Tohoku megaquake shows big tremors ma...

Tohoku megaquake shows big tremors make volcanoes sink

There are 1 comment on the New Scientist story from Jun 30, 2013, titled Tohoku megaquake shows big tremors make volcanoes sink. In it, New Scientist reports that:

Five Japanese volcanoes are a bit stouter than they were just a few years ago. Within a day of the 2011 megaquake, they shrank by up to 15 centimetres.

Join the discussion below, or Read more at New Scientist.

“Geologist [I'm Climate Change]”

Since: Mar 07

formerly Nuneaton

#1 Jul 1, 2013
About time too.

The "megaquakes" are the closing point of the recompression cycle typical of converging island arcs due to subduction convergence. The megaquake is a Rebound/ Long duration mercalli X event (r/lx) which as the acronym states relaxes the crust of the overriding plate. The same r/lx will also cause a significant plate lurch of the descending plate in the region where the megathrust breaks.

One interesting side effect of the plate lurch & crustal relaxation is that the crust around the edges of the broken megathrust where the fault remains locked, tightens significantly. This crustal tightening incidentally results in compression of the forearc & also volcanoes adjacent to the r/lx in the arc. This has been commented on several times by volcanologists in the recent past and an example of an adjacent volcano is Copahue just N. of the central Chile 2010 r/lx.

The other interesting side effect of plate lurch & relaxation of the overriding plate, has just been describe in this article. Crustal relaxation GPS data has noted outward lurch & subsidence @ the forearc, and this outward flowage extends also to the arc which in the case of Tohoku has been remarkably aseismic both during the "megaquake" & bloody great big tsunami, and also during the aftershock sequence in the forearc & descending plate.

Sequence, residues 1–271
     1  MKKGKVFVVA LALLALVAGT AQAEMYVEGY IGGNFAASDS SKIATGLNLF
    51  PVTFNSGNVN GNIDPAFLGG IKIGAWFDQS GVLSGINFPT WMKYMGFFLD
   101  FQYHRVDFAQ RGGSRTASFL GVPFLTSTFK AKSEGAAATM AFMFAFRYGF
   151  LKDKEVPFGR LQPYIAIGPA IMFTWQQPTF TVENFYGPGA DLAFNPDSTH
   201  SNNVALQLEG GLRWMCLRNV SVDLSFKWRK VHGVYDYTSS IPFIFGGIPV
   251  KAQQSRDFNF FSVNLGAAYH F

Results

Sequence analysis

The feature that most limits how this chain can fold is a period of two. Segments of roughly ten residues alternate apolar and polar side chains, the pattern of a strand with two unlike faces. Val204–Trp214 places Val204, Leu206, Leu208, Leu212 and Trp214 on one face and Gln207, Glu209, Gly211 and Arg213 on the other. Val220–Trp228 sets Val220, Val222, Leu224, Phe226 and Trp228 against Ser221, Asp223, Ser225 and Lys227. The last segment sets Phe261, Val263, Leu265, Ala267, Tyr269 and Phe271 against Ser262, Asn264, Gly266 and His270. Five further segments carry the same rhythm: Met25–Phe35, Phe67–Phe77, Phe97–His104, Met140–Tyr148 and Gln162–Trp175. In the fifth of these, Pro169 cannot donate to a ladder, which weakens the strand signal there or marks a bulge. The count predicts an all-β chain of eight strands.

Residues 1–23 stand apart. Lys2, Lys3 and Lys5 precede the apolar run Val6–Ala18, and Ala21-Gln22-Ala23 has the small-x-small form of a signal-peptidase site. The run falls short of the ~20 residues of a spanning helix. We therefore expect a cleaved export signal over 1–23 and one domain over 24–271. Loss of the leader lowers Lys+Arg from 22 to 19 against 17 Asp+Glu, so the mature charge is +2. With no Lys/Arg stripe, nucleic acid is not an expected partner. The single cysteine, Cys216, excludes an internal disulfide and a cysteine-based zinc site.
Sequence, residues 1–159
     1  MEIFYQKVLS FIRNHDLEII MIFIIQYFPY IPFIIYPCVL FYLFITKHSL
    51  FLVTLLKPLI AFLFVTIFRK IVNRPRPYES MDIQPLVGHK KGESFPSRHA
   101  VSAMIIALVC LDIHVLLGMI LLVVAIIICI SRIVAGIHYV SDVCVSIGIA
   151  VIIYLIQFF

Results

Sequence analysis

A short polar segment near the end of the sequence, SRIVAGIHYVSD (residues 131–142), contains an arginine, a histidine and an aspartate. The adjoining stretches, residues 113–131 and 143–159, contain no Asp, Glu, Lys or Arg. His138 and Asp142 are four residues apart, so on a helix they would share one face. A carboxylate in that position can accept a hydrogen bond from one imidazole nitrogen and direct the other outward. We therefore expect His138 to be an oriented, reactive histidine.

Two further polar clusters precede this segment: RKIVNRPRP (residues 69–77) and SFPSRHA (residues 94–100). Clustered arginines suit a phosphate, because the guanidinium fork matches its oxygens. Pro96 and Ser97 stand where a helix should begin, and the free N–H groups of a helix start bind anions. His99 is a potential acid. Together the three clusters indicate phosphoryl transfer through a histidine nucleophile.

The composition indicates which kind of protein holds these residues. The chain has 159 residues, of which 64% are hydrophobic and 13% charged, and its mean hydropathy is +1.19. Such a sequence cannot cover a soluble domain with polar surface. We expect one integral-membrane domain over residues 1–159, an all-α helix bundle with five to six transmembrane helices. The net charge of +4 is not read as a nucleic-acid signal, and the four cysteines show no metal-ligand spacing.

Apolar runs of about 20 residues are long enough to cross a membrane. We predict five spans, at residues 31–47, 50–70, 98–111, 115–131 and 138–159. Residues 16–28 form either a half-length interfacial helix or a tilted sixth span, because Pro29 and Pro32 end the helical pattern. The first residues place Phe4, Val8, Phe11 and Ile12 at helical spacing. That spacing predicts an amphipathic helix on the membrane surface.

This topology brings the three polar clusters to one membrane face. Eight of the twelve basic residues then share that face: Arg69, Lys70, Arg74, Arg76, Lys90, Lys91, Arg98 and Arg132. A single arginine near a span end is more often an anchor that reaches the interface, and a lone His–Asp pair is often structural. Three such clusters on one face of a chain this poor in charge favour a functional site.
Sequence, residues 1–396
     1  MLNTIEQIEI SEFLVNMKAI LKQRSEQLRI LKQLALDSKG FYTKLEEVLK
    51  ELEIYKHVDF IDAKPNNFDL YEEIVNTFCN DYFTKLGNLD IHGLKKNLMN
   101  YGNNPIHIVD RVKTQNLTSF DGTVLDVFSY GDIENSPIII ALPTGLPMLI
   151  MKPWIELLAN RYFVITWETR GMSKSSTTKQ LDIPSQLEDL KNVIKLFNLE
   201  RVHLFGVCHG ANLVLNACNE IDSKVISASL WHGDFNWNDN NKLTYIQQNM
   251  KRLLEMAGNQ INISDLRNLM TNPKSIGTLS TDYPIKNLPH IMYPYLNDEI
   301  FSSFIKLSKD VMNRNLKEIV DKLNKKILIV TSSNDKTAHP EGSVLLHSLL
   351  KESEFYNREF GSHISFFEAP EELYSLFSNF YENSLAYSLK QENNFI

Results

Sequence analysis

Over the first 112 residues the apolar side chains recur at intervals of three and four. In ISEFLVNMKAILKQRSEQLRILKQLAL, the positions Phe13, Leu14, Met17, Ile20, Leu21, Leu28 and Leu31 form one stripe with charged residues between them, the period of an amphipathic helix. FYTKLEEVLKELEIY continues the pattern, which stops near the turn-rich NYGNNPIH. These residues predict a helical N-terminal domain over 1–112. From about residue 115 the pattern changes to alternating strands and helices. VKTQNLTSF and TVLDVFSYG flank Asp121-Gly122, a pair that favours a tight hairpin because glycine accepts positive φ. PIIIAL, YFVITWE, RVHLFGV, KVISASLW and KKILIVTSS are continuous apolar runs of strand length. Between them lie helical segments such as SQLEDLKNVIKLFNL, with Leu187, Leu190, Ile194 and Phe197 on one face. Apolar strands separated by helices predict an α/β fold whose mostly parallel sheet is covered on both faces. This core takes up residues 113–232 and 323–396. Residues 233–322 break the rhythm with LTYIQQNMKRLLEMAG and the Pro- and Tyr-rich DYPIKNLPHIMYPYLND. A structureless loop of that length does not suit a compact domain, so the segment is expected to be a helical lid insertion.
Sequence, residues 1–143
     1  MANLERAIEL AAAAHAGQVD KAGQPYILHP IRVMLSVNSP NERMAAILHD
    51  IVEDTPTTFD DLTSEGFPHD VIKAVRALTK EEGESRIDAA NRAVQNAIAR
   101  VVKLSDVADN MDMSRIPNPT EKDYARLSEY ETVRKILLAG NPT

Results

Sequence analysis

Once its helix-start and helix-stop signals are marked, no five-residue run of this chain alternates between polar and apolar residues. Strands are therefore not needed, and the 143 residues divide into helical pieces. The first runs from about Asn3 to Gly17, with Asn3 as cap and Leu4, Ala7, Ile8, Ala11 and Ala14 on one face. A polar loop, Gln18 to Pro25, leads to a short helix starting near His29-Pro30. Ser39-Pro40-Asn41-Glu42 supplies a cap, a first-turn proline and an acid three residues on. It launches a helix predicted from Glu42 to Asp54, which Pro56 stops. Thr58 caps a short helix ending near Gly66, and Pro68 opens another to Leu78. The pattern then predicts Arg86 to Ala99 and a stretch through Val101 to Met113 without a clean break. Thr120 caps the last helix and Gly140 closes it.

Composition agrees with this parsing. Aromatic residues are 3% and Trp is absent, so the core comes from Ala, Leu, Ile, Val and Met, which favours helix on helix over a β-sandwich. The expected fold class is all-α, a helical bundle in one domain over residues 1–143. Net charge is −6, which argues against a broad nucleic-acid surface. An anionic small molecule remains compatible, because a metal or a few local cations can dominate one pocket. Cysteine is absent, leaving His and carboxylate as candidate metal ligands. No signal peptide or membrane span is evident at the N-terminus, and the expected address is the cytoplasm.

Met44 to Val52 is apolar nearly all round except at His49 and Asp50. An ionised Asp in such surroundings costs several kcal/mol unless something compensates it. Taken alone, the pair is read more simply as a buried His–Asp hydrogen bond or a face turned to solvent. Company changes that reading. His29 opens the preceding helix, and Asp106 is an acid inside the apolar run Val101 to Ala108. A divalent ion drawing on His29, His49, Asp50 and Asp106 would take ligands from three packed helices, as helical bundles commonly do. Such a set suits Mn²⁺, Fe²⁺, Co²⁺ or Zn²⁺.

The r/lx in relaxing the crust in a sudden lurch decompresses the overriding plate which causes subvertical fractures to form parallel to the arc & particularly perpendicular to the vector of r/lx. These fractures tap discs of magma built up under the solid crust by dewatering of the descending plate, and magma being liquid is aseismic. The volcanoes respond to the widening of the arc by sinking but being buffered by magma injection into the base of the crust & solid upper mantle they do not sink very far in a typical arc runout r/lx (2010 & 2011).

The aftershock series compressing the forearc also compresses the base of the arc which has pinched out the base of the magma filled fractures and has now sealed them off from the magma discs.

The expectation now is that recompression @ the arc will transfer magma sideways along the new base crustal fractures until the magma hits a wall & can go only upward in response to further arc recompression. It is only then (about a decade or so after r/lx) that the newly injected magma erupts through a volcano in the area affected by crustal relaxation during the r/lx.

Keep watching that space.

Have a nice day: Ag

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